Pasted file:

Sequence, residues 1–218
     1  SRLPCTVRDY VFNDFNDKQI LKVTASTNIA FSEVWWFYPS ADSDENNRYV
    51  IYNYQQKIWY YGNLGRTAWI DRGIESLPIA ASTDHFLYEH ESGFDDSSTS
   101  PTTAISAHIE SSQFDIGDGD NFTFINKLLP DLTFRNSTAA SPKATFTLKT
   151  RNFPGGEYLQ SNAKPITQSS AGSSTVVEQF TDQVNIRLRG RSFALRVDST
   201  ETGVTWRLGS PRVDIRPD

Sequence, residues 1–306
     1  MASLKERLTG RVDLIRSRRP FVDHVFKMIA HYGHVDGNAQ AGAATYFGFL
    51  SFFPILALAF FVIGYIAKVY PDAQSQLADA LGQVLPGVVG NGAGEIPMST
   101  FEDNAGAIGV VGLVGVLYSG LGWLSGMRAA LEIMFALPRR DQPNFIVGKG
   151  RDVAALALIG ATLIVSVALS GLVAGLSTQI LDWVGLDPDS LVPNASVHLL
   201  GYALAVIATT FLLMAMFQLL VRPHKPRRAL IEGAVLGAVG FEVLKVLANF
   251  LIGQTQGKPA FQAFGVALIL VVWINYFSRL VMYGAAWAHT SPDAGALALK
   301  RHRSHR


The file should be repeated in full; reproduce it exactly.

Sequence, residues 1–218
     1  SRLPCTVRDY VFNDFNDKQI LKVTASTNIA FSEVWWFYPS ADSDENNRYV
    51  IYNYQQKIWY YGNLGRTAWI DRGIESLPIA ASTDHFLYEH ESGFDDSSTS
   101  PTTAISAHIE SSQFDIGDGD NFTFINKLLP DLTFRNSTAA SPKATFTLKT
   151  RNFPGGEYLQ SNAKPITQSS AGSSTVVEQF TDQVNIRLRG RSFALRVDST
   201  ETGVTWRLGS PRVDIRPD

Sequence, residues 1–306
     1  MASLKERLTG RVDLIRSRRP FVDHVFKMIA HYGHVDGNAQ AGAATYFGFL
    51  SFFPILALAF FVIGYIAKVY PDAQSQLADA LGQVLPGVVG NGAGEIPMST
   101  FEDNAGAIGV VGLVGVLYSG LGWLSGMRAA LEIMFALPRR DQPNFIVGKG
   151  RDVAALALIG ATLIVSVALS GLVAGLSTQI LDWVGLDPDS LVPNASVHLL
   201  GYALAVIATT FLLMAMFQLL VRPHKPRRAL IEGAVLGAVG FEVLKVLANF
   251  LIGQTQGKPA FQAFGVALIL VVWINYFSRL VMYGAAWAHT SPDAGALALK
   301  RHRSHR